Emily Skillings

Emily Skillings is a Brooklyn-based poet. She graduated from The New School with a degree in both dance and writing, and received an MFA in poetry from Columbia. She is a member of the Belladonna Collaborative, a feminist press and events series, and teaches at both Yale and Columbia. She has also choreographed and performed dance across New York City, and is the author of two chapbooks and a full-length manuscript that was published this fall by The Song Cave.

Q: How did you first begin writing?

A: It happened in a couple stages. I wrote in high school and started to love poetry, and my gateway poet was Emily Dickinson, which I feel like is a lot of American people’s first exposure to poetry, and I loved the way that her poems were very small on the page but expanded out into the universe. They’re very huge poems, and you could talk about them and think about them forever, even though they were the size of a postage stamp. I never journaled or kept a notebook or anything, but I did have this hatbox — I would write little poems on pieces of paper and put them in the hatbox and I kept it in my closet, and that was a weird kind of space where I first started storing writing, but they weren’t good poems by any means. Then I was a dancer for many years, and I went to undergrad for dance at The New School, and there I started taking poetry workshops. That’s when I first started thinking, “Oh, I might be a writer.” I danced for many years, but now I’ve transitioned over to writing.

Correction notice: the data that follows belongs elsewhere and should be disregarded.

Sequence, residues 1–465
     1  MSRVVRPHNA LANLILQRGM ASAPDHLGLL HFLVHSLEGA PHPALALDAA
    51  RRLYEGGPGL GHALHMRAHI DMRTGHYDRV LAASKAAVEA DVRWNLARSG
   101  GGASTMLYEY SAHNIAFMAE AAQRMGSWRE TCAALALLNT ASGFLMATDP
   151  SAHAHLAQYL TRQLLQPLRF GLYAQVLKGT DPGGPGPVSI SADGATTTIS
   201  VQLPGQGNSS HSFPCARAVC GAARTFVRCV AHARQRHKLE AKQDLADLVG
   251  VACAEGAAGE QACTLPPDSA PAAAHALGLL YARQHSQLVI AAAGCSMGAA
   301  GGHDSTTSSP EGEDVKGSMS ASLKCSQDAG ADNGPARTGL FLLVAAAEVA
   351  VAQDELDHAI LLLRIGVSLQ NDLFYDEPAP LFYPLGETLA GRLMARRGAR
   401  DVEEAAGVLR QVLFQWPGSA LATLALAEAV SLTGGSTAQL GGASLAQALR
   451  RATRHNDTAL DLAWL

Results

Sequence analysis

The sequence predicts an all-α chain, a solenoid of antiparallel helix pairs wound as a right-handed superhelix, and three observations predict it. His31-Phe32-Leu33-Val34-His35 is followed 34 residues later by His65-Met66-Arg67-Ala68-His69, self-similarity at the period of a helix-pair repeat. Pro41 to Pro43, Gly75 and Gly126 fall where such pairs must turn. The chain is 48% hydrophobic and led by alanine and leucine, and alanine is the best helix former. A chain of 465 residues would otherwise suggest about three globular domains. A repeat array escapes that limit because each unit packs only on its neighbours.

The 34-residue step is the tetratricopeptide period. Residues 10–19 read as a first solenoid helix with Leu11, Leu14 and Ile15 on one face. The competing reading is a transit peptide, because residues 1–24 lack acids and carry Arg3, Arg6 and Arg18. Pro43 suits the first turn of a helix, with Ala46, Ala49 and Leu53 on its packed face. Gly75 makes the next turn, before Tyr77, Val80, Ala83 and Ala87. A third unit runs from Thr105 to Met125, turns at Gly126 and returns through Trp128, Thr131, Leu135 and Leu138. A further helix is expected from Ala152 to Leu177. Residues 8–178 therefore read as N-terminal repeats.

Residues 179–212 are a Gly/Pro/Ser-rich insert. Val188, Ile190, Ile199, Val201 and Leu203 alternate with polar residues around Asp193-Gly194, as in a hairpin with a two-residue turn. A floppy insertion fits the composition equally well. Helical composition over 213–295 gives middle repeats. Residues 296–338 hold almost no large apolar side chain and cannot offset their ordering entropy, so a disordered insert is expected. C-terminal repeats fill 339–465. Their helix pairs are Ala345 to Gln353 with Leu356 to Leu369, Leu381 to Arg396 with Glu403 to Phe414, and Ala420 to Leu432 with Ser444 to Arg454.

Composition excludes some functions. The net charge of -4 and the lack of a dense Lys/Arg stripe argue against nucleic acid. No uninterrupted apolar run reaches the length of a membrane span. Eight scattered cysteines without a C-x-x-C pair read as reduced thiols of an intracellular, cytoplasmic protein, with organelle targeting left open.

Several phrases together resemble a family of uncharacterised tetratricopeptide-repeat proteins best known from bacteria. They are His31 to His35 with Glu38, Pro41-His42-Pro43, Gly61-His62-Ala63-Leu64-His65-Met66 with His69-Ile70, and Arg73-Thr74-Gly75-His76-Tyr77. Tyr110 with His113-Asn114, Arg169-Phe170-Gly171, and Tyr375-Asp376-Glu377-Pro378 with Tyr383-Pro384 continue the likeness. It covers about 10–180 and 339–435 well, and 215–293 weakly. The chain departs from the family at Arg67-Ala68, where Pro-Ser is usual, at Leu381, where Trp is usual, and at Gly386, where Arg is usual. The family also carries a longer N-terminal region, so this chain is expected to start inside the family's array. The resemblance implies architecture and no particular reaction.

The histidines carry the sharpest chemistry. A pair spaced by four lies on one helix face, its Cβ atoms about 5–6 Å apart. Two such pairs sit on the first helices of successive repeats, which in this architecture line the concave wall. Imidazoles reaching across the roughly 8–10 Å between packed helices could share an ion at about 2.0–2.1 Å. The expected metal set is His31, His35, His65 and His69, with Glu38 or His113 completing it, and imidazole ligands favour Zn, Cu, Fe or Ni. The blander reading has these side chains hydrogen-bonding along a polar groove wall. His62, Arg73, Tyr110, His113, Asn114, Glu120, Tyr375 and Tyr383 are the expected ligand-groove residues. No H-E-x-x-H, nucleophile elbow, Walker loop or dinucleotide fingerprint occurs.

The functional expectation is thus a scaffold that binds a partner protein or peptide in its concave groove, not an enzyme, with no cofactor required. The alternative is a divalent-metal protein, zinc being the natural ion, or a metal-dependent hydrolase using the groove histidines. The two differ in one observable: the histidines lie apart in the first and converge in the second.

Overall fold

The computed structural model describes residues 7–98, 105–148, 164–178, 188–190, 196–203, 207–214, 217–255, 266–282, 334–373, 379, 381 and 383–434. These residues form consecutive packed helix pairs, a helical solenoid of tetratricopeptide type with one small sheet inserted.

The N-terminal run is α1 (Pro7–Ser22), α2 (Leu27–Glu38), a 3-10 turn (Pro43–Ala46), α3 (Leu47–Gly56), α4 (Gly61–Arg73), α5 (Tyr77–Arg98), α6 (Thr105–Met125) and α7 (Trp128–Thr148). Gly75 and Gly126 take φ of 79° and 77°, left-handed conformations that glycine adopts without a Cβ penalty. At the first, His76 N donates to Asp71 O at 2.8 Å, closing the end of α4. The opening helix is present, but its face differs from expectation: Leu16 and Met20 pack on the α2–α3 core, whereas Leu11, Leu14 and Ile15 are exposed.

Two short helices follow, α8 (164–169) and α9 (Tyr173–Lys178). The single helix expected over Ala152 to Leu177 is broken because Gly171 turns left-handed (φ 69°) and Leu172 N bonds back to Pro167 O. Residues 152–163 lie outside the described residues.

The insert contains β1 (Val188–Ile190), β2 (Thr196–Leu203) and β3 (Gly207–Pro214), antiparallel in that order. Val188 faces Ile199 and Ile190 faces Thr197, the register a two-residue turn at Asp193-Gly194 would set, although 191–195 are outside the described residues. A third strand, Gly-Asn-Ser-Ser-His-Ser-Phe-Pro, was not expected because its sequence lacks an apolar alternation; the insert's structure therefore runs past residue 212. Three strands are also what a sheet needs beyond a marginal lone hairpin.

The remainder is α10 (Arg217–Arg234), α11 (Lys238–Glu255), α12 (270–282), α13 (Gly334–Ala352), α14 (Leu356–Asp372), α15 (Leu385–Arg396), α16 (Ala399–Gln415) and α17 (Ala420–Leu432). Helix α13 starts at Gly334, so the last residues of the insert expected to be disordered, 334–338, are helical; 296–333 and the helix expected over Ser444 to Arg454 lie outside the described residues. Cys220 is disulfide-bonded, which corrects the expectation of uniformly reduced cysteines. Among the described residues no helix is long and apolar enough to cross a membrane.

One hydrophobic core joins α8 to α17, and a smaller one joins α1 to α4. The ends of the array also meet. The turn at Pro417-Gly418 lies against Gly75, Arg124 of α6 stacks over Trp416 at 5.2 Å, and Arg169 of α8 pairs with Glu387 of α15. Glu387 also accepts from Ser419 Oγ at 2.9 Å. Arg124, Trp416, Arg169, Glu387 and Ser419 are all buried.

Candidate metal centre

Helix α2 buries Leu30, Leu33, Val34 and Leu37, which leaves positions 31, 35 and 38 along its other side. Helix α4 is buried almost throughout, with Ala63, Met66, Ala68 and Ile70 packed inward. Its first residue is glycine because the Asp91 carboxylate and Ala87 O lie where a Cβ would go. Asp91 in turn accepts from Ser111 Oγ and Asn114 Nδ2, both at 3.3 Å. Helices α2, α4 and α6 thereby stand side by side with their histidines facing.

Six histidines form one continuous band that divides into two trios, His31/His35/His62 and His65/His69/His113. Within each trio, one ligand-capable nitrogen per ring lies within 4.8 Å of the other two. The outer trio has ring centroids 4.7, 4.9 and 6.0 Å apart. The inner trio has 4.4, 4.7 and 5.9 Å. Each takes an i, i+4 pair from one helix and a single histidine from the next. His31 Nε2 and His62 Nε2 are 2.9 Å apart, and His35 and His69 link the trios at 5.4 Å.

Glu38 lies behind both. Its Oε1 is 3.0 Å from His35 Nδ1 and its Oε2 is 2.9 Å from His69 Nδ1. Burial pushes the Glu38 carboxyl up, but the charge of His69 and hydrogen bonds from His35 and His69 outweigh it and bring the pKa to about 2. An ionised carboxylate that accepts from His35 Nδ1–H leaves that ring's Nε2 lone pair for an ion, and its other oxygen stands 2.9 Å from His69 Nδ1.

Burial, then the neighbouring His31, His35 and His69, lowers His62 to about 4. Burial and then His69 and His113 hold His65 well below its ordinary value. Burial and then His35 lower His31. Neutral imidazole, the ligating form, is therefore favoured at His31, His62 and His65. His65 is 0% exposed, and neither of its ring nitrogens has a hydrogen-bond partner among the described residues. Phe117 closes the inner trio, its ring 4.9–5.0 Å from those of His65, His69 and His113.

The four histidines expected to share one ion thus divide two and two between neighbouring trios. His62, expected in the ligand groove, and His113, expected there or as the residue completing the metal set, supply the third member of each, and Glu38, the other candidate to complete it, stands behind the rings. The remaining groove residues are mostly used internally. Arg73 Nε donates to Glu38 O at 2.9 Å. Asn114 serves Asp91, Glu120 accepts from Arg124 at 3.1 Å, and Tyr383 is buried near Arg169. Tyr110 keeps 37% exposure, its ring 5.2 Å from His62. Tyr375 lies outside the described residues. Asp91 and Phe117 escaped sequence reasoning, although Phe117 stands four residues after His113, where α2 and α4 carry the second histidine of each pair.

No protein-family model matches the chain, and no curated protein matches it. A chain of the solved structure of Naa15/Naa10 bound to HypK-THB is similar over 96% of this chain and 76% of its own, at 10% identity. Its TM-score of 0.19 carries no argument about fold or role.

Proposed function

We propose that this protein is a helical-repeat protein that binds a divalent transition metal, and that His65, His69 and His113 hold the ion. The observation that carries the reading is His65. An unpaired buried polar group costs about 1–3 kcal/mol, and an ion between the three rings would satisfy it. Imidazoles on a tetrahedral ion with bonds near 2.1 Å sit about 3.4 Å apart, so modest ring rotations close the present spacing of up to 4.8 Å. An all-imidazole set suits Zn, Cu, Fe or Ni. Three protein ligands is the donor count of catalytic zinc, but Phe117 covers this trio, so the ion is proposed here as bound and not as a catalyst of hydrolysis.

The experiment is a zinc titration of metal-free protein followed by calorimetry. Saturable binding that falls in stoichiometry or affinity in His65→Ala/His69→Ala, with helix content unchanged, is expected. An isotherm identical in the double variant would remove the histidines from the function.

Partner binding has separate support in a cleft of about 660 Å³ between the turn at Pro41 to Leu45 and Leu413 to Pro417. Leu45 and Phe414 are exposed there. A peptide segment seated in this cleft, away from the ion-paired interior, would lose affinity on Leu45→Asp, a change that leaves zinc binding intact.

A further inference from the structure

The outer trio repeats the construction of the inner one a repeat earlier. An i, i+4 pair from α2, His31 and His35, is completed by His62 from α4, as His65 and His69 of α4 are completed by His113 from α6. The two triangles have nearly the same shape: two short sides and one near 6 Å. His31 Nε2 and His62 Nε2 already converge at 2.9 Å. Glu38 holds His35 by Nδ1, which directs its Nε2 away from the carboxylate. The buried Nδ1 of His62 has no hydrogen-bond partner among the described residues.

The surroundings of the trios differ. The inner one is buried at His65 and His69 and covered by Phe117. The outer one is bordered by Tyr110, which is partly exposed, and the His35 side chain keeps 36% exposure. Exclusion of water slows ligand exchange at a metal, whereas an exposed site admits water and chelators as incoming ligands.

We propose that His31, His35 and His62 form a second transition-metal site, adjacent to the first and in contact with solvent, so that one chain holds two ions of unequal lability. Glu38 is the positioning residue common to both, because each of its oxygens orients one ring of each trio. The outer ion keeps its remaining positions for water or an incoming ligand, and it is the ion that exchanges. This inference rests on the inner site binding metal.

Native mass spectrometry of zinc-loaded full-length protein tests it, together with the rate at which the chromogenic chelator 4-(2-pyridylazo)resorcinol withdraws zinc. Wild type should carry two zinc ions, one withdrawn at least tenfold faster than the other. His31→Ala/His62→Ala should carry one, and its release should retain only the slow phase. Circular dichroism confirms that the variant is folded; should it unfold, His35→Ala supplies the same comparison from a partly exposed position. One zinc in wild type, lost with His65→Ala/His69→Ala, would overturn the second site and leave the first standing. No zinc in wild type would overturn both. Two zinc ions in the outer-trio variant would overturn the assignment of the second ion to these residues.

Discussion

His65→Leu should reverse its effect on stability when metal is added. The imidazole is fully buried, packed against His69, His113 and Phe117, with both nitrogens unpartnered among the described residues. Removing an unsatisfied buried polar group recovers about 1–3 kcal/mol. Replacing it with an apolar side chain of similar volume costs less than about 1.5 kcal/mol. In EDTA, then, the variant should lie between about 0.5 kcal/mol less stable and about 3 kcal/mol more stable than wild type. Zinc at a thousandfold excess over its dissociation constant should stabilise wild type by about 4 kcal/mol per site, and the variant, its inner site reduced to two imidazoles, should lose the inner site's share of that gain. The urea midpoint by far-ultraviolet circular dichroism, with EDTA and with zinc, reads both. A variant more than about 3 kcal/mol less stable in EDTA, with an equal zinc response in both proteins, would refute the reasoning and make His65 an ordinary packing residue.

Q: You received an MFA at Columbia. Do you think that graduate school is worthwhile for writers? Do you think it’s necessary?

A: I don’t think it’s necessary at all as far as the writing is concerned. If you’re a self-driven person, I think you can develop your own methods of keeping your writing practice and getting feedback from peers, and this idea that you need an MFA or a Ph.D. to be a writer is a little silly. But I do think that what MFA programs do and what they did for me is — I wanted time to focus on my writing and to be reading again. I was reading, but I loved being in class and I missed it. I think a good MFA program will have you reading and being in seminars and lectures as much as in workshop. It becomes imbalanced when you’re stuck in this zone of your own work, it becomes an echo chamber. What I loved about my program is I was really encouraged to take classes outside of my genre and study outside of the workshop model, which works for a lot of people but doesn’t work for some people. It’s all about figuring out what you like. I like being in workshops, but I also like talking about texts more, so that’s why I chose that particular program.

Q: Did you go right after college?